Cover Letter Advice: How to Sort the Good from the Bad
As you step onto the job market and start searching for work, suitable open positions may be difficult to find. Worse yet, wrangling interview invitations may take some serious effort and research. But advice, specifically cover letter advice, will surround you from all sides.
Advice is free. And because it’s free, it’s a good idea to measure the value and the source before taking “rules” to heart. Here are a few signature signs that can help you separate wise advice from generic clichés.
Good Cover Letter Advice
Follow cover letter advice if:
- It takes your specific position level into account. What works for an entry-level resume can actually cause problems for a job seeker at the mid-career level. For example, entry-level cover letters can—and should—emphasize your potential. At this point, you don’t have much experience to speak of, but you do have ambition, plans, goals, passion, and excellent grades (ideally). At the mid-level, these traits should fade into the background and the spotlight should shift to your accomplishments, relevant previous positions, and measurable track record of results.
- It takes your industry into account. Listen carefully to advice givers—both online and in the real world—who have specific experience in your field. If you’re lucky enough to get some guidance from an experienced hiring manager (or former hiring manager) in your industry, tune in and take notes.
- It comes from someone who has what you want. If your friend or roommate lands what you would consider a dream job, sit down with her, review her letter, and ask her about her strategy.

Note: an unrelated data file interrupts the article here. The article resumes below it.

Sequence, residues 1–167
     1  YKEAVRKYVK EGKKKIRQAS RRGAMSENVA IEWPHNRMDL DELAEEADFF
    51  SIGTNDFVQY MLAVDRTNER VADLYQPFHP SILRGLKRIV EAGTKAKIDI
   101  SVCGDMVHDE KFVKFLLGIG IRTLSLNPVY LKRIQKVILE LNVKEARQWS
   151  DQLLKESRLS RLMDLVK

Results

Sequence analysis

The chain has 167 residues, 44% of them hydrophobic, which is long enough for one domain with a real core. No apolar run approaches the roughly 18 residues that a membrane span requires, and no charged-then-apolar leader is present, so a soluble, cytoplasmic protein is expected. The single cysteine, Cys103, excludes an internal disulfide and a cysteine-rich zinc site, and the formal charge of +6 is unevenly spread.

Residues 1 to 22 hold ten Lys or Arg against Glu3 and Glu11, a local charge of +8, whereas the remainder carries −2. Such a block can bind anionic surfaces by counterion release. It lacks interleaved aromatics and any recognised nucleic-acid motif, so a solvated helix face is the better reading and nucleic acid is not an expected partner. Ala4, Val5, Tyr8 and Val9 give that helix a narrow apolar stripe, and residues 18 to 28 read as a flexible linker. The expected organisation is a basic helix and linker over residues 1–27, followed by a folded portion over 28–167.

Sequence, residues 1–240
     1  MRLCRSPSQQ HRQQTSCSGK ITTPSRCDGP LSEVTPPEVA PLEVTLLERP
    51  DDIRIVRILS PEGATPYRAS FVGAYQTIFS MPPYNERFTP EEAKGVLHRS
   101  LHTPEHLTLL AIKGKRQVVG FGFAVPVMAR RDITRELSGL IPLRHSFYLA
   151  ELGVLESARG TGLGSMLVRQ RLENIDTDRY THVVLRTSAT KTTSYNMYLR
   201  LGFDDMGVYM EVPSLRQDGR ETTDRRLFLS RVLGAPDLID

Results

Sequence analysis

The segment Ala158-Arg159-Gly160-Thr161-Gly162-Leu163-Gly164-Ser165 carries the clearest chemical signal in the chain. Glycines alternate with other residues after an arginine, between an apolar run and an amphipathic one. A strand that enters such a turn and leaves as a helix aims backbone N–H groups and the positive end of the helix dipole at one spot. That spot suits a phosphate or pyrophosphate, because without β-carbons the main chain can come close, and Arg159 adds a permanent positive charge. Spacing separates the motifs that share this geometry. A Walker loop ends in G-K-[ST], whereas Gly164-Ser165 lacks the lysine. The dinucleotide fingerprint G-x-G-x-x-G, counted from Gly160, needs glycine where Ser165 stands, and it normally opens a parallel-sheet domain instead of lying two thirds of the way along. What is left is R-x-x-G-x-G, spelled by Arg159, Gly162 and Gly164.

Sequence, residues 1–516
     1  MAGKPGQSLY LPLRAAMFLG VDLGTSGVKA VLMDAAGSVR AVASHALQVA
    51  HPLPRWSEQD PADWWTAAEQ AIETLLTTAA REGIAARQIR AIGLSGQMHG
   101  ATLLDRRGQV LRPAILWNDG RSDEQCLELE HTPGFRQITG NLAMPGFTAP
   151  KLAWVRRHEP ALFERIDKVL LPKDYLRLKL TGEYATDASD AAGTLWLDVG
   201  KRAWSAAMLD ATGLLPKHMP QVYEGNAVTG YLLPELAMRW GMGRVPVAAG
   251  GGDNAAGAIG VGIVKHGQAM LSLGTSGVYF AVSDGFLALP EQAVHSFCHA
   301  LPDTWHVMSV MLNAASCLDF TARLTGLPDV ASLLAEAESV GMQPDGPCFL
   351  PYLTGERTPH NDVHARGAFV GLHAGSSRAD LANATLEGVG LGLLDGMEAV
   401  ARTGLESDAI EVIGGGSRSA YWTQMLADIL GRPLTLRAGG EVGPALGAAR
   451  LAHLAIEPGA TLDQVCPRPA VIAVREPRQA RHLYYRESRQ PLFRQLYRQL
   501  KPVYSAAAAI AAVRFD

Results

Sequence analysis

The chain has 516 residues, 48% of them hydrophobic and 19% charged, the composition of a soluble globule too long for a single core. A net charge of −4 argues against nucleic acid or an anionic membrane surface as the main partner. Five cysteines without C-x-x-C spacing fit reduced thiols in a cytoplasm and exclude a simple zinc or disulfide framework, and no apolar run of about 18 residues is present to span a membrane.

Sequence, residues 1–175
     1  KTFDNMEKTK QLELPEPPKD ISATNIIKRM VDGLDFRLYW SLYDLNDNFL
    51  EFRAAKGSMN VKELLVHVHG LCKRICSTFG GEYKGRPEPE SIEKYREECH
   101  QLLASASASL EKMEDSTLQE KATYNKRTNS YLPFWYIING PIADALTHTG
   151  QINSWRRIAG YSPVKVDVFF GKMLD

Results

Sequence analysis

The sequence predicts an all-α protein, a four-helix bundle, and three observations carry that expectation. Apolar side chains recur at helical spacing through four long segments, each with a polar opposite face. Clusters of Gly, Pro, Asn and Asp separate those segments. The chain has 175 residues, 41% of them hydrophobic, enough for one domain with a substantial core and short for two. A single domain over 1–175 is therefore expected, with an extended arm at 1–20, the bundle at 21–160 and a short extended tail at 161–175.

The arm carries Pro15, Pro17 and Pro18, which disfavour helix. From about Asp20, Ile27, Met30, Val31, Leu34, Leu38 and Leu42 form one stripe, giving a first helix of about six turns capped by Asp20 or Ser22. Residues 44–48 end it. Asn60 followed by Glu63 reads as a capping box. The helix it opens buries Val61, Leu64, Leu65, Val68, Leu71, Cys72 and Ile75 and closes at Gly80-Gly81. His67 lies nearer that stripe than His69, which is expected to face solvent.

Bad Cover Letter Advice
Think twice about cover letter advice and guidelines if:
- It confuses “honest and straightforward” with “unprofessional.” Yes, your personality should show through in your cover letter. And yes, you should strive to drop the clichés and be clear with employers about who you are and what you want. But you can be warm while remaining formal, professional, and serious. No jokes, no sarcasm, and no comments that undermine yourself or your accomplishments.
- It’s outdated. Professional, winning cover letters don’t look the way they did 30 years ago. Neither do outstanding resumes. Make sure your advice applies to the modern job market. (Hint: never start a cover letter with the greeting “Dear Sir”.)
- It applies to the speaker or advice giver, but not to you. Success is a funny thing. No matter what you might consider a “successful career”, don’t be misled: this term has a very different definition in the mind of every other person around you. If you think we all share the same vision of what this means, think again.
Keep an Open Mind
The take home message: stay flexible. If your cover letter or general job-search strategies aren’t working, then something needs to change. Stay open to input, take guidelines with a grain of salt, and remember that your job search, your needs, your personality, and your set of talents are all unique. Start with MyPerfectResume’s cover letter builder, and create an application from the ground up that represents you…and no one else.
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